Once the application was ready, it was time to start bringing the data into Delphix. I first told Delphix where the data was housed, by providing it with the IP address (no DNS in my little network) and credentials of the delphix user I created. Then it logged in, via ssh, and discovered some basic system information about my system, my Oracle installation, the arsys db instance, and my PostGreSQL instance (which I had forgot was on there).  Delphix copies over some temporary files to accomplish this, executed as the non-privileged user. This took about 30 seconds. Once the discovery was completed, I told Delphix where to find my two application components (Mid-Tier and ARSystem).

Now that Delphix is aware of the three data sources (DB, ARSystem, and MidTier), it's time to start bringing in the data from those systems. I linked Delphix to each of those sources, creating what is known as a dSource. At that point, Delphix starts bringing in a filtered, compressed, and "deduped" copy of those three sources into the Delphix engine. It takes about 7 minutes for the initial copy of the roughly 12GB of data to be completed, which isn't bad for my little home network. That 12GB of data in Delphix is only around 8GB; a ratio of about 1.5:1 on the apps and 5.5:1 on the oracle database. Going forward, Delphix is only non-disruptively copying changed data blocks from the source system.

For more information on how Delphix works, see the "How Delphix Works" page on Delphix.com:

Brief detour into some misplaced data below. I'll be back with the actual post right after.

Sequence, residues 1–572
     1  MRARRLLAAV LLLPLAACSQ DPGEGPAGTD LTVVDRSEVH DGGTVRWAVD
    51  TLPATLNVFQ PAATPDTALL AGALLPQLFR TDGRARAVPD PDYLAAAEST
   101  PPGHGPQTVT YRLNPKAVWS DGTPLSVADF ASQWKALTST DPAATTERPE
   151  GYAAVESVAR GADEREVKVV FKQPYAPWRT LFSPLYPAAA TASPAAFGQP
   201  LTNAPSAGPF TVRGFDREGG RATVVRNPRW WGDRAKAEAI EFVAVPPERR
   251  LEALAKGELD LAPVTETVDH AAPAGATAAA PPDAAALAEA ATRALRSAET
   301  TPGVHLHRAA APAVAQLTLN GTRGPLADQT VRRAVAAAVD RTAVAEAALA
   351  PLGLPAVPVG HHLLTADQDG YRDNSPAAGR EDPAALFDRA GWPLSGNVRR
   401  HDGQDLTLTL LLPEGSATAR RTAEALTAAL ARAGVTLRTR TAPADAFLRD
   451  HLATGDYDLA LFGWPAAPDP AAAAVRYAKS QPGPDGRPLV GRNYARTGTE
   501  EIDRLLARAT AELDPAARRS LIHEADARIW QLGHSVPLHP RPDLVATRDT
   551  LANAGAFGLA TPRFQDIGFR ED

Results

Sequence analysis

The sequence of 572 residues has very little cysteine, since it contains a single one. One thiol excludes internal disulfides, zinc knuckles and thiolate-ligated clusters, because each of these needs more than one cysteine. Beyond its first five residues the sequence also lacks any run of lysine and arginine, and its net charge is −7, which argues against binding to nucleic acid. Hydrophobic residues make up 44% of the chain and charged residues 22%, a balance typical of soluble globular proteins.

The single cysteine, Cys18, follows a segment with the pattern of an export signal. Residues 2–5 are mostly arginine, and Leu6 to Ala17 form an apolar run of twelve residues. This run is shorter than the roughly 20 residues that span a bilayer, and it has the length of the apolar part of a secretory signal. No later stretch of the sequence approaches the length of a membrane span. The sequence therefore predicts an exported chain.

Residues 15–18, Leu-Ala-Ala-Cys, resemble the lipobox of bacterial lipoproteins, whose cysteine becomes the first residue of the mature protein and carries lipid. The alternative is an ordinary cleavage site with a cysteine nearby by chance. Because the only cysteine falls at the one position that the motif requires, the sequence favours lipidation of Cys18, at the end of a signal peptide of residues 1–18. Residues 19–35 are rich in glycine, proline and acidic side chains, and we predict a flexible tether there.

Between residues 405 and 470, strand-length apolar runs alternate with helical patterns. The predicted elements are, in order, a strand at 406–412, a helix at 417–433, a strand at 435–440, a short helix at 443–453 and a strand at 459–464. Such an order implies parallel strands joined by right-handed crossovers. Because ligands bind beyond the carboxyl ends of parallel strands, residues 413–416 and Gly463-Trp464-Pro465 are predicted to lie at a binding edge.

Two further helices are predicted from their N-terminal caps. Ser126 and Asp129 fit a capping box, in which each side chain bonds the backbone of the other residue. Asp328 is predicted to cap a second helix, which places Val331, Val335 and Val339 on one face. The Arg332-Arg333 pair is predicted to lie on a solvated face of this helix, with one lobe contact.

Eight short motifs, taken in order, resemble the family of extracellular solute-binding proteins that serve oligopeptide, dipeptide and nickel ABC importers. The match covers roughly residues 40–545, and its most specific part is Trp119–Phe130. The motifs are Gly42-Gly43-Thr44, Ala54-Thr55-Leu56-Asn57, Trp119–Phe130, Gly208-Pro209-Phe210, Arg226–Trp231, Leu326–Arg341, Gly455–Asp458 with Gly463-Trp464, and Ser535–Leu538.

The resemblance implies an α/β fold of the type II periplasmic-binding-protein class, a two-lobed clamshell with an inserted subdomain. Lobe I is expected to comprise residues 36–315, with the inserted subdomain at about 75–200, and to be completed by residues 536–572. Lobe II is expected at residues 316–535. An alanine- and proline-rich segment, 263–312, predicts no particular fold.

Provision a Virtual Copy of the Application

Now that the data is in Delphix, I am ready to create virtual copies of it. Since I haven't already done so, I add my target environment into Delphix. It does the same discovery, and identifies my Oracle and PostGreSQL installations, but there are no databases running on these instances. Now I have a place to run my virtual applications and database. I first provision my virtual database (VDB) by selecting my Remedy DB dSource and choosing a point-in-time and then click "provision". I specify a new SID, UNQName, and Database name, as well as change the memory target option that was gathered from my source Remedy Database (my target instance doesn't have as much memory available). I can also change or specify Oracle parameters here, such as cursors, etc. I click next and give it a name to identify it in Delphix ("Remedy DB - Dev"), what group I want to put it in ("Dev"), and my default snapshot policy for this virtual database (I choose "none"). I accept the remaining default values and click finish on the summary screen. It takes me less than 10 seconds to begin the virtual database provisioning process. 

I repeat similar steps for the other two dSources. The only difference to really note here is that I obviously don't have SIDs and Oracle parameters to specify with these apps. It takes around 30 seconds to provision the virtual application data and a little less than 3 minutes to provision a running virtual instance of the arsys database. At this point, the database is running, but the application is not. 

Rinse, Lather, Repeat